Pacific’s management style is nothing if not clear. Each brand it has purchased has been removed from high-end IBDs and transitioned to focus on the price-point or entry-level segment consisting of sub-$2000 bikes.
Dorel’s Martin Schwartz had this to say: “Dorel recognizes the importance and potential of the Independent Bicycle Dealer channel and is purchasing Cannondale as the first step to become the world's number one IBD player. Cannondale will be the crown jewel of this new Dorel division, which will seek additional such growth opportunities.”
Given that supply-side integration is the big catch phrase these days, Schwartz’s words take on a rather ominous tone. First, just how does Pacific define IBD? Their definition would seem to include Performance, which defies any association with the traditional neighborhood bike shop, which is how many of us would define Independent Bicycle Dealer. Second, you can’t hope to compete as “the world’s number one IBD player” unless you consider Cannondale part of Pacific. Third, “seeking additional growth opportunities” means selling more bikes, and the easiest way to do that is to open up Cannondale to Pacific’s largest account. After all, private equity firms don’t engage in business models that depend on independently owned, single-location boutiques.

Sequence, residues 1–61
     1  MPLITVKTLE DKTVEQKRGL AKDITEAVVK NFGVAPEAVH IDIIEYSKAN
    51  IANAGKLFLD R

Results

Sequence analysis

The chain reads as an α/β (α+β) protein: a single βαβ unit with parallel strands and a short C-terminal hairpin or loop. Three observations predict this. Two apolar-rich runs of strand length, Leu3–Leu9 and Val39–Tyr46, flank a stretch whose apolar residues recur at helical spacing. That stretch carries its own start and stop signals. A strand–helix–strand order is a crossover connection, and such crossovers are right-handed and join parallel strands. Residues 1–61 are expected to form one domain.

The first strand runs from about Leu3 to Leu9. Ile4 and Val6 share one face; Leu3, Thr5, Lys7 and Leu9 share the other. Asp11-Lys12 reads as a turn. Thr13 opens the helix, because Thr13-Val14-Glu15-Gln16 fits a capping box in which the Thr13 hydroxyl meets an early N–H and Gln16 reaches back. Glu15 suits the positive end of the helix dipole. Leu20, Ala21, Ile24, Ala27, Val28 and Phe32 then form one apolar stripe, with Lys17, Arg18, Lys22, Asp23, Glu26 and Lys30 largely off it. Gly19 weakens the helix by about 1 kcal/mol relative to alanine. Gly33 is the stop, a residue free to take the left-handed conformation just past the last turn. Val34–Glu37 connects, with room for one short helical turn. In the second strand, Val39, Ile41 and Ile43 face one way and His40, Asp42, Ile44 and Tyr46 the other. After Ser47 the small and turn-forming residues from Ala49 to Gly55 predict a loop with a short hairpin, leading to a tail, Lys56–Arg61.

Performance has long lamented its unhip status to cycling insiders. It is no secret that Performance has long been considered to PRO what Kryptonite is to Superman. They’ve always lacked a premium brand that would in effect make their stores a destination. Landing Cannondale would be tantamount to being handed Excalibur by the lady of the lake.
Creating a concept store program based on a Cannondale/Schwinn/GT etc. formula may seem like a no-brainer, but there seems to be some hostility on the part of devout bikies for the folks who dumbed down Schwinn and GT. One could be forgiven for thinking that Cannondale will be dumbed down in a similar, if lesser, way.
So who are the winners in this? Well, Pegasus and … we’ll see. It could be Specialized and Trek and maybe some of the other brands with a complete product line that could replace Cannondale in IBDs, such as Felt.
It’s premature and unfair to sound the alarms regarding Cannondale’s future. It’s place in the pantheon of great brands is assured. No other brand has done more to advance the use of aluminum in bicycles than Cannondale; were it not for Cannondale, Gary Klein’s bikes would have seemed freakish, not the next wave, and who knows how much longer it would have taken for such a great idea—using thin-walled, large diameter tubing to gain stiffness and reduce weight—to gain traction.
That said, given Pacific’s history, vis-à-vis its management of acquired brands, things are likely to change for Joe Montgomery’s brainchild. It is fair to surmise many current Cannondale dealers will cease to carry the brand and we will soon see Cannondales available mail order through Performance’s web site. Or maybe not. But anyone who isn’t suspicious of how this will affect Cannondale hasn’t read Machiavelli.
Image courtesy of Cannondale.